New York state officials will be able to seize ventilators from hospitals and other institutions that officials decide don’t need them, Gov. Andrew Cuomo announced on Friday.
An executive order Cuomo planned to sign would let the state take ventilators to redistribute them to hospitals in need, the governor said at a press conference in Albany.
National Guard troops will be sent to pick up the ventilators and move them to where they’re needed “to save lives,” Cuomo said.
“People are going to die when they walk into a hospital and there’s no ventilator,” he said.
Hospitals will either get their ventilator back at a later time or be paid so they can buy a new one. The governor’s senior advisor, Rich Azzopardi, later said that Cuomo was asking upstate hospitals to loan 20 percent of their unused machines to “struggling downstate hospitals.” Cuomo on Saturday said the number of ventilators that would be redistributed were around 500.
Officials disputed describing what will happen as seizure, calling it a “sharing of resources.”
New York projects a shortage of ventilators as the number of COVID-19 patients in intensive care units continues to rise in the state. Officials have said as many as 40,000 ventilators will be needed.
New York currently has around 12,700 ventilators, according to figures given by state officials in recent days, and it has ordered 17,000 more. Ventilators used to cost around $20,000 each but the cost has spiked to around $50,000 amid the pandemic.
The COVID-19 disease, caused by the CCP (Chinese Communist Party) virus, commonly known as novel coronavirus, can cause lung problems and some patients require assistance breathing while in the hospital.
Cuomo has repeatedly asked the federal government to send more of the breathing machines after the state was sent 4,000 of them. Members of the White House Coronavirus Task Force said Thursday that some state and local officials are asking for supplies they don’t need while recommending using anesthesia machines as ventilators.
New York has received over half of the approximately 7,640 ventilators released to states from the federal government, federal officials told reporters on Thursday night.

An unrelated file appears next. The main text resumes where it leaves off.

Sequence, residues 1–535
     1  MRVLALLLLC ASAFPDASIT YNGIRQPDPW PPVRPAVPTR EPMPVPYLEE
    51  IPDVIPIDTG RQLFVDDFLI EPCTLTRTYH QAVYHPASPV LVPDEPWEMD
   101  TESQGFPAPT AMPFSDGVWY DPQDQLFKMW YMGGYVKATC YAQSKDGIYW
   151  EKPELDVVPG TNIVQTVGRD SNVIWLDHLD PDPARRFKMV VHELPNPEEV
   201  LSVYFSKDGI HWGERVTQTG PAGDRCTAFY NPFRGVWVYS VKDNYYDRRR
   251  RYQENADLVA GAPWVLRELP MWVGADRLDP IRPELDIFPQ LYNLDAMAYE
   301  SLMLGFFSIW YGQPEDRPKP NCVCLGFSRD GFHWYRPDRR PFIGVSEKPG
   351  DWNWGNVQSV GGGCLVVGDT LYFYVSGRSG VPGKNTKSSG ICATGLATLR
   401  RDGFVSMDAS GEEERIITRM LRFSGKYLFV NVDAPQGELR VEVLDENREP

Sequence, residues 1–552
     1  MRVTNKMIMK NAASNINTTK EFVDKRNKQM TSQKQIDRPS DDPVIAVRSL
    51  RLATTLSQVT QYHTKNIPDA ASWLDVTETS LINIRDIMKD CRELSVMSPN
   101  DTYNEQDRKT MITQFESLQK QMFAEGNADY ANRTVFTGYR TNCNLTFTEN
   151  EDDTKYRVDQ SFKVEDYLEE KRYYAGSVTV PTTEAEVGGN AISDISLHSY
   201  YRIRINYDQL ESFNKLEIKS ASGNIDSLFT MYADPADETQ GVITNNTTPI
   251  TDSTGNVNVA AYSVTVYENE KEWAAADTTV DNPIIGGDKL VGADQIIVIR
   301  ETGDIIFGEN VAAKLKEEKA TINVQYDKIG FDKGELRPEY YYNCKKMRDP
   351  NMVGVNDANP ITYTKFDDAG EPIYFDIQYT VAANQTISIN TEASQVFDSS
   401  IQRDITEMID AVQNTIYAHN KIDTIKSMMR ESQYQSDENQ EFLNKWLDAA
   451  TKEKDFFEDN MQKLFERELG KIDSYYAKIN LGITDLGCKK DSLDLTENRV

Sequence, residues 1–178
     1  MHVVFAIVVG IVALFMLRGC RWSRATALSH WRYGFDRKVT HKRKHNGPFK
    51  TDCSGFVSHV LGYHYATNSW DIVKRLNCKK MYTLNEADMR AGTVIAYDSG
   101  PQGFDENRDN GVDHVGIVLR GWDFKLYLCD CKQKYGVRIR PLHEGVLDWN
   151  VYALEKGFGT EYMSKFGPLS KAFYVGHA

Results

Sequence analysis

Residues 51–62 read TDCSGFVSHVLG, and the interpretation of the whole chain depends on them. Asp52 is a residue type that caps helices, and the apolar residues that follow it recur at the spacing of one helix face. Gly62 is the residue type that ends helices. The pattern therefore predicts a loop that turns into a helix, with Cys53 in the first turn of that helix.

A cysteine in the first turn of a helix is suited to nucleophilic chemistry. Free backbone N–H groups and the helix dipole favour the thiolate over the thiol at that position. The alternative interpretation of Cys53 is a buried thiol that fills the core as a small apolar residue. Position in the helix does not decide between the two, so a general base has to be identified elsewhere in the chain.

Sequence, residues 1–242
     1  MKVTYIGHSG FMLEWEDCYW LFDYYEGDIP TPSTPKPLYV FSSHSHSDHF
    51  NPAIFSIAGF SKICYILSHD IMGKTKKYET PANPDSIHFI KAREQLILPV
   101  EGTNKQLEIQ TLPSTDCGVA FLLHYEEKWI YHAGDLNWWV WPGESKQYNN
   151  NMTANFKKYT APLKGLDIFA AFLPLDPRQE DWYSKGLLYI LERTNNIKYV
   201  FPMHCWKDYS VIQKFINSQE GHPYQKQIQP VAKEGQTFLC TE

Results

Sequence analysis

States should make sure they know all the resources they have within the state and are fully utilizing them before requesting more, task force members said. At the same time, the federal government has been releasing ventilators from the national stockpile and from companies ramping up production of the machines.
“We want to make sure every state and every hotspot can be reassured that ventilators are there for them as they move through the curve. To date, we’ve been able to do that,” said Dr. Deborah Birx, the task force response coordinator.
New York is using anesthesia machines as ventilators as well as ordering the cancellation of all elective surgeries, converting BiPAP machines into ventilators, and telling hospitals to “split” machines, which all hospitals in the state are now doing.
Cuomo said the state has only six days left until it runs out of ventilators. New York City Mayor Bill de Blasio said earlier Friday that the city only has enough ventilators to last to Monday or Tuesday.
The number of those hospitalized in New York rose again by a significant margin, reaching 14,810, an increase of 1,427.
Discharged patients rose by a similar margin to 8,886.
Patients in intensive care units rose by 335 to 3,731 while the number of deaths increased to 2,935, up from 2,373.
Ten thousand more people tested positive overnight. Statewide, nearly 103,000 have tested positive, with over 57,000 of those in New York City.
Nassau and Suffolk counties again reported significant increases of over 1,400 each.
New York has, by far, the most cases, hospitalizations, and deaths in the country.